Opinion: Electoral funding reform is vital for the future of our democracy

Election finance reform may not be at the top of many people’s Christmas list, but it is arguably a more important issue right now than even electoral reform. As Liberals we hold the fundamental values of fairness and equality as sacrosanct, while as democrats we believe that power and influence should be derived through the ballot box. The most grotesque feature of this election was the amount of money that the Conservative party spent.  To be absolutely clear, until the Electoral Commission releases the spending stats, all we can work off is declared donation income, which reveals an eye watering income disparity between the parties. In the first two quarters of 2015, the Conservatives received around £24m in donations – nearly 4 times that received by the Liberal Democrats, in fact, the top 20 Tory donors gave more than all Liberal Democrat donors put together. The influence that these rich and powerful donors have over their parties is potentially toxic to our democracy, skewing politics towards special interests, and weakening the power of individual voters. While I am no fan of the Labour party, or the money which comes from the Unions, David Cameron has already announced his intent to weaken this financial association, thus crystallising for his party an insurmountable fundraising advantage, this is a naked attempt at a ‘political kneecapping’, and an outrageous abuse of Government power.

Here in the West Country, the Conservatives appeared to pour huge amounts of money into Liberal Democrat seats, by not referencing the local candidate the Conservatives have bypassed Electoral Commission spending limits. This might be entirely within the letter of the rules, but it is clearly not within the spirit of the rules as this tactic has obliterated any sense of fair play. Coming back to those basic values of fairness and equality, the only conclusion I can draw is that the current system of electoral funding is broken. Unless the system is changed now, it risks damaging public trust in the electoral system, and continuing to skew policy.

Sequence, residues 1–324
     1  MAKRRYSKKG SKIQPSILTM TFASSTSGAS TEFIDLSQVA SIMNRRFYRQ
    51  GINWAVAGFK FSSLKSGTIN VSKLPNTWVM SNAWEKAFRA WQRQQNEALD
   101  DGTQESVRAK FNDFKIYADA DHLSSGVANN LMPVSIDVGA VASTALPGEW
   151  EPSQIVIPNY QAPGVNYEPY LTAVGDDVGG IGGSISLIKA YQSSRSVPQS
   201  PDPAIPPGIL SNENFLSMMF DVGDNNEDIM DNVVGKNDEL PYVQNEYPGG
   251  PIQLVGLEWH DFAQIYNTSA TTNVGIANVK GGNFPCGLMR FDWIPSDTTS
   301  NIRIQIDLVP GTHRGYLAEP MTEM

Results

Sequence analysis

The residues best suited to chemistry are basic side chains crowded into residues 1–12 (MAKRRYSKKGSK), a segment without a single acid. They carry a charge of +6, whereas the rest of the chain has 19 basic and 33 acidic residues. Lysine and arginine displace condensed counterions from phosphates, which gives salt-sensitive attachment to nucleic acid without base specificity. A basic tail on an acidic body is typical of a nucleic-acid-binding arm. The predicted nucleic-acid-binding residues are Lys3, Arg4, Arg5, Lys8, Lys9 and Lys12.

Only our party can champion the change we need, as both Labour and Conservatives receive enormous donations from their financiers, they have no incentive to reform. This was evident when both parties blocked Liberal Democrat attempts at meaningful reform, most recently in 2013, when Nick Clegg pushed for a package of measures in the wake of the expenses scandal. The Coalition Agreement stated that they would “pursue a detailed agreement on limiting donations and reforming party funding in order to remove big money from politics”, the Conservatives were not true to that promise (as usual!). We must find allies in this fight, but perhaps it will have to wait until the next scandal to shame Labour and the Tories into action. Our next leader will either have to achieve reform, or will have to raise more money than ever, starting now.

* Mike Hewitson is a pharmacist by background, and own two businesses in rural West Dorset.

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  • Thanks for writing Mike. I agree, I raised this with Clegg nearly a decade ago and he really didn’t like the idea then. Truth is this isn’t in the overton window, there’s no public outrage about these numbers and only the likes of you and I seem to care about party funding. I don’t see we’re in a great position to pursue this issue, to rebuild we’ll need to focus on policies that make people’s day to day lives better in a tangible, obvious way. This isn’t that, so I’m afraid it may be another decade before we see any change on this subject – when it does get addressed it’ll probably be as part of a larger reform package, the like of which isn’t currently on the cards. That’s not to say we shouldn’t develop a plausible, liberal funding model in the interim, just that we should also know when and when not to trumpet such a policy.